Avey Tare Avey TareDown There
Down there, at the bottom of this hallucinatory album, are all of the trials and tribulations besetting David Portner, alias Avey Tare. Let’s see: he’s just lost his grandmother, his sister Heather has just been diagnosed with cancer and, to top it off, he’s separating from his wife Kristín Anna Valtýsdóttir, the musician from múm with whom in 2007 he formed the disappointing project Pullhair Rubeye. Up there, on the other side of the world from all of this, there is still the memory of the impressive “Merriweather Post Pavilion”, one of those albums to carry around with you for life, a work that is impossible to surpass, for better or for worse. In 2010, with Animal Collective being established at that peak of modern psychedelics as a genre in and of themselves, it’s members seem to be treading very carefully when it comes to solo projects. Enough has been said about Noah Lennox, alias Panda Bear, this year, and even more will be to come, as we receive news of his long-awaited “Tomboy” bit by bit. “Down There” by Avey Tare arrives stealthily to state an obvious point that could be made even without having listened to the album, but which is no less revealing for that: it is exactly the type of album that could be expected if we took the logistical support of Brian Weitz, alias Geologist, and Lennox’s compositional genius out of the band. Past is the year 2000, in which Tare wrote “Spirit They’re Gone, Spirit They’ve Vanished” –probably the seed of the group that is most easily taken advantage of– with Lennox half in the shadow. Today the tables have turned and it’s clear that from within the animal group, the only thing that can hold a candle to an album like “Feels” (2005) or “Sung Tongs” (2004) is the Panda Bear split-off.
Why? Well, we know that psychedelica isn’t an easy genre, and it is much less a genre for everyone. This was clear from Panda Bear’s performance last year at Primavera Sound festival, a revealing, seminal concert that almost everyone left as fast as they could. To give it a digestible form and make it democratic, it has to be brought as close as possible to avant-pop. They both know it. Lennox is going to get radical in the new “Tomboy”, that’s for sure, but we could say that Tare is still exactly where we left him, one step behind Lennox. In fact, it is almost paradigmatic that in order to record “Down There”, he had to call on the wisdom of Josh Dibb, alias Deakin, a founding member of Animal Collective who, as you know, no longer forms a part of the group. Together they give shape to a catalogue of submerged sounds combined with drones like psychophonies, gloomy loops that fold over, twisted nocturnal visions, and sound holograms. Like appearances of the Virgin Mary that at times one can connect with and at other times not, the substrate of “Down There” is so translucent and voluble that, lacking a fixed weight to hold it to the ground, it ends up being overly porous and—although this isn’t as bad—amorphous.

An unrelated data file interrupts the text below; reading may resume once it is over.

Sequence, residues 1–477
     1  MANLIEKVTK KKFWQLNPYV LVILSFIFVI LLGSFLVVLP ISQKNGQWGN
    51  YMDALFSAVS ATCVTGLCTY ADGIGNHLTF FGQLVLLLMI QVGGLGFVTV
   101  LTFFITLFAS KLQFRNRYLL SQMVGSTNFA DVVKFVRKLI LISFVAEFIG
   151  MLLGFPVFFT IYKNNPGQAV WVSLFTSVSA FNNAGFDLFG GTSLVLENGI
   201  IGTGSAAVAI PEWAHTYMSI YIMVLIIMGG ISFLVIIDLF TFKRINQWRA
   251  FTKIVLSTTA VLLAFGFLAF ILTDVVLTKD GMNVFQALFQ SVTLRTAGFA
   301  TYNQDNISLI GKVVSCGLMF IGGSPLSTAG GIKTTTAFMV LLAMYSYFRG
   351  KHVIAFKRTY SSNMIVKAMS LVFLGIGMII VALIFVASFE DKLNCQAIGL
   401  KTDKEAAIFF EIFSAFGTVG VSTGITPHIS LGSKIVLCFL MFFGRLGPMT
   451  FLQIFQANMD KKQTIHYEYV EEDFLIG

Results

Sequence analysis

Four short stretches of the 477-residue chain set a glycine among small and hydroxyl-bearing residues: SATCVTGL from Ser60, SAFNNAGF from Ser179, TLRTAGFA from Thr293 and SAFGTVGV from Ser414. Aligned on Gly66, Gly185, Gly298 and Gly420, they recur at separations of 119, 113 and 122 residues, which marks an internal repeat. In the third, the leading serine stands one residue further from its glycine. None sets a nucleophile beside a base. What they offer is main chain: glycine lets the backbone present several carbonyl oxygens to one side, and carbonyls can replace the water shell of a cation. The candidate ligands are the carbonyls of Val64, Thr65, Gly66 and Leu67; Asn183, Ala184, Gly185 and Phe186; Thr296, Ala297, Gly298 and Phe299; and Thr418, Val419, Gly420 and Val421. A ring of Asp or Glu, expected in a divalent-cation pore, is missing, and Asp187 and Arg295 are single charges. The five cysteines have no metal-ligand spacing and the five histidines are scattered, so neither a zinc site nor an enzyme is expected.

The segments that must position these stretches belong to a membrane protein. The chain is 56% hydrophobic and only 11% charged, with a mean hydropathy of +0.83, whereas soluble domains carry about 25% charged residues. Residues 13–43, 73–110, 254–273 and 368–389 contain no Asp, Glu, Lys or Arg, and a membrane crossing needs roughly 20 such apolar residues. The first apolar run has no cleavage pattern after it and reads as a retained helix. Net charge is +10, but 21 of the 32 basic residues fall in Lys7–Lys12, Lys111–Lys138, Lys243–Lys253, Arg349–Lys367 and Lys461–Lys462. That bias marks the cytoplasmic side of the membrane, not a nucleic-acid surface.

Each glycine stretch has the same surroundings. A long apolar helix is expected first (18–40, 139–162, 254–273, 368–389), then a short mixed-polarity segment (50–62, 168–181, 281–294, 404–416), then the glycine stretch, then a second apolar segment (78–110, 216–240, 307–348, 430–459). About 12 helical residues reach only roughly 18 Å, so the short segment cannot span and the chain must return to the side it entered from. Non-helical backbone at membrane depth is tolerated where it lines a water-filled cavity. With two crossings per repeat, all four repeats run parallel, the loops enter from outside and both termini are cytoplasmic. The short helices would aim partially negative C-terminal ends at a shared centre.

“Down There” is a notable album, but he should have worried less about its experimental façade and more about giving a solid basis to the repertoire of nine songs. The lyrics, without delving any further, would benefit from the dramatic background that the project is supposed to have. Nevertheless, and although all that shines isn’t gold, there are some pearls. The opening with “Laughing Hieroglyphic” warrants excellent marks, and “Strawberry Jam” works as a manifesto. This is the most powerful part of an album that concentrates its solid material at the poles, and which starts to take on water–and never better said, as this is pure waterdelics– when it crosses the midway point. Beyond “3 Umbrellas”, “Heads Hammock”, “Heather in the Hospital” or the already-known “Lucky 1”, it might be that your ears will get confused by passages that are excessively fragile, with songs that don’t seem to find the right mould—specifically the three central ones: “Glass Bottom Boat”, “Ghost of Books” and “Cemeteries”. All in all, Avey Tare continues to handle tricks exquisitely: that attention when it comes to linking songs together, that ability to make something melancholy into something both strange and familiar at the same time. Yes, we already know the lesson, but that shouldn’t make us forget that we are facing a master. Tare, if anyone doubted it, continues to be one of the key vertices of the Bermudas Triangle into which some of the best melodies and harmonies of the current psychedelic monopoly disappear.